Should You Let Property Furnished or Unfurnished?
The decision about whether to rent furnished, unfurnished or part furnished is likely to have a big impact on the type of person that you end up letting the property to.
There are no rules that say a landlord should furnish a property before offering it for rent and the decision is completely down to the landlord, and occasionally also the tenant, if the supplied furniture is not to their taste, or they already have some of their own. In most cases, fixtures and fittings are open to negotiation between the landlord and tenant and an agreement can be reached.
The Benefits of Letting Fully FurnishedIf you let a property furnished, you’ll attract people who are in a hurry, or who may not be able to afford to buy all the furniture themselves, such as young people and students. It’s often easier to find a tenant, and at the end of the tenancy, the furniture stays too.
Tax wise, you get to deduct a percentage of the cost of the furniture that you’ve provided in the property from your tax liability.
The Benefits of Letting your Property UnfurnishedYou often find that tenants who move in and have to buy their own furniture tend to stay in the property for longer, because moving costs more if you have to transport furniture too. Many tenants feel more at home surrounded by their own furniture and your taste may not be the same as theirs. You also have the benefit that they are responsible for wear and tear on their own furniture, and you don’t have to worry about fire safety regulations if you don’t supply any furniture.
Part Furnished PropertiesThere is another option, which is to be to let the property part furnished – and what you include in this definition is completely up to you. You can offer a choice of furniture, offer just the kitchen and white goods, or leave a sofa and table – it’s a totally flexible option and often makes it easier to find tenants.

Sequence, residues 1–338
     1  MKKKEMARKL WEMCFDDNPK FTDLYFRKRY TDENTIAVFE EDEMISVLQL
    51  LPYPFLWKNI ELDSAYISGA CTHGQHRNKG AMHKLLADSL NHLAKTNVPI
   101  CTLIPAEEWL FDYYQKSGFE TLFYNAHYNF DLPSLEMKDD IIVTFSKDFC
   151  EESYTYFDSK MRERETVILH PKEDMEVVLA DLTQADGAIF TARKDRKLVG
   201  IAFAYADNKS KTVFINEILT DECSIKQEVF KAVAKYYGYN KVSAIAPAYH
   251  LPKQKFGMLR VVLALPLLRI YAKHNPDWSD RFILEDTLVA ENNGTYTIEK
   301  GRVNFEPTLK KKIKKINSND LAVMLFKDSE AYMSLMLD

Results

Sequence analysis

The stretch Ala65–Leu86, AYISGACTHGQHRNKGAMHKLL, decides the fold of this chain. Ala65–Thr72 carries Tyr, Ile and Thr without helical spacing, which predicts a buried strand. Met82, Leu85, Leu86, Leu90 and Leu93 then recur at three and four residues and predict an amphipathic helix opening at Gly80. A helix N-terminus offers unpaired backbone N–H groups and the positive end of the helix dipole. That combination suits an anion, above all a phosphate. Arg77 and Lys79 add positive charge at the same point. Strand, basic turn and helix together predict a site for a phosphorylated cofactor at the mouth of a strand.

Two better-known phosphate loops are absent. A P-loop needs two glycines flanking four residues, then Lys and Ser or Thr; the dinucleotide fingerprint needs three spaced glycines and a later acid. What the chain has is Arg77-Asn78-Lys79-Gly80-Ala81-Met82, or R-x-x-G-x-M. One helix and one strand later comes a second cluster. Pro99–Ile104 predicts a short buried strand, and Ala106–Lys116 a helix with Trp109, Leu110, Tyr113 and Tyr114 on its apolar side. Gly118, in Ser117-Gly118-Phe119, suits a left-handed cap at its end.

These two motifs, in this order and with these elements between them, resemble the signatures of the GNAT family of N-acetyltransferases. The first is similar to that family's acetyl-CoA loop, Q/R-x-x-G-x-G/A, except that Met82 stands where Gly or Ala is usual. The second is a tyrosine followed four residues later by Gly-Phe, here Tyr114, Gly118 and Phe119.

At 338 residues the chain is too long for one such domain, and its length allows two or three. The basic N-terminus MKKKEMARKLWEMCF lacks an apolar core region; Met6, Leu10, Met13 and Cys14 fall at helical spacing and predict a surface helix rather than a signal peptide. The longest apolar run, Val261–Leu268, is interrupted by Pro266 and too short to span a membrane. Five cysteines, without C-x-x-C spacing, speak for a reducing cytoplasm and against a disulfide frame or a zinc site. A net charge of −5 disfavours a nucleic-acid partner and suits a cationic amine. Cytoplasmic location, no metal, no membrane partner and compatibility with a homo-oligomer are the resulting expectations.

Insurance ConsiderationsThere are no laws that force you to insure the property in a home you let out to tenants, but for your own peace of mine it’s best to do so. Some landlords have what are called inventory agents who visit the property before anyone moves in and compile a list of everything that’s there before the tenancy starts, and again at the end of the tenancy.
You may have to shop around to find an insurer who will offer insurance for the contents in tenanted properties - and be warned, it’s not usually cheap. You must make sure that you let the insurance company know of any changes in occupancy too.
Safety Standards for AppliancesBefore you let your property out, it’s advisable to carry out a Portable Appliance Test (PAT), to show that any electrical goods in the property are safe and in good working order. It’s not a legal requirement but is a good selling point for tenants.
There are safety standards that apply to furniture though – all furniture must be the legal fire resistant standard, and must have a label on stating that it complies with the fire safety regulations.
Financial ConsiderationsIf you let the property furnished, you can claim an allowance on the tax you pay on income you make from the rental, up to 10 per cent of the total rent minus charges and services such as council tax and water rates. This is called 'wear and tear allowance'. You could alternatively make a claim for the net cost of replacing a particular item of furniture, but not the original cost of the item. This is known as a 'renewals allowance'.
You cannot claim these allowances if you let an unfurnished property. If your property is unoccupied, you can also apply for discounts on your council tax, the amount of which depends on whether the property is furnished or not.
If the property is both unoccupied, unfurnished properties, you could claim up to a 100 per cent Class C council tax discount, for up to six months.If the property is furnished, you can apply for an 'unoccupied discount' instead, the amount of which varies according to your local council. The discount can apply until the end of the tax year and then you could have to reapply for the following year.